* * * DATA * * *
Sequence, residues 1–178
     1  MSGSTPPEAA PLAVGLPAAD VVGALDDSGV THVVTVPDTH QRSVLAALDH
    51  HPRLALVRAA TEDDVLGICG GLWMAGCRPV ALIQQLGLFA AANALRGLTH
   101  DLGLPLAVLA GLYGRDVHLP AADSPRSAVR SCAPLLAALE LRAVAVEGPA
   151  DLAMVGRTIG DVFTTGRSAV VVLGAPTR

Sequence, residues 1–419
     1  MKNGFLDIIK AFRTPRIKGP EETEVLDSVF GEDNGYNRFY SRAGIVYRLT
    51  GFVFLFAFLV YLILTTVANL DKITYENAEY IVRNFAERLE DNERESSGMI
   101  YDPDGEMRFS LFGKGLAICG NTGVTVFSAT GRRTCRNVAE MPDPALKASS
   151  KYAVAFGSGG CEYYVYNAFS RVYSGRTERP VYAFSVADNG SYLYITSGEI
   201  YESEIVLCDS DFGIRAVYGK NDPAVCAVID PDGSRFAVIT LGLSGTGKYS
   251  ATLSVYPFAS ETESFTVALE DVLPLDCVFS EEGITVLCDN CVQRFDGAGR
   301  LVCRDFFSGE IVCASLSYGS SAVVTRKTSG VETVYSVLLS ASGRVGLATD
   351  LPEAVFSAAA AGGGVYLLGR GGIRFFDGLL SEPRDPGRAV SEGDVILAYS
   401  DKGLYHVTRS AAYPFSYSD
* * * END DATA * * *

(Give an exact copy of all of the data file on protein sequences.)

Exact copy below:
Sequence, residues 1–178
     1  MSGSTPPEAA PLAVGLPAAD VVGALDDSGV THVVTVPDTH QRSVLAALDH
    51  HPRLALVRAA TEDDVLGICG GLWMAGCRPV ALIQQLGLFA AANALRGLTH
   101  DLGLPLAVLA GLYGRDVHLP AADSPRSAVR SCAPLLAALE LRAVAVEGPA
   151  DLAMVGRTIG DVFTTGRSAV VVLGAPTR

Sequence, residues 1–419
     1  MKNGFLDIIK AFRTPRIKGP EETEVLDSVF GEDNGYNRFY SRAGIVYRLT
    51  GFVFLFAFLV YLILTTVANL DKITYENAEY IVRNFAERLE DNERESSGMI
   101  YDPDGEMRFS LFGKGLAICG NTGVTVFSAT GRRTCRNVAE MPDPALKASS
   151  KYAVAFGSGG CEYYVYNAFS RVYSGRTERP VYAFSVADNG SYLYITSGEI
   201  YESEIVLCDS DFGIRAVYGK NDPAVCAVID PDGSRFAVIT LGLSGTGKYS
   251  ATLSVYPFAS ETESFTVALE DVLPLDCVFS EEGITVLCDN CVQRFDGAGR
   301  LVCRDFFSGE IVCASLSYGS SAVVTRKTSG VETVYSVLLS ASGRVGLATD
   351  LPEAVFSAAA AGGGVYLLGR GGIRFFDGLL SEPRDPGRAV SEGDVILAYS
   401  DKGLYHVTRS AAYPFSYSD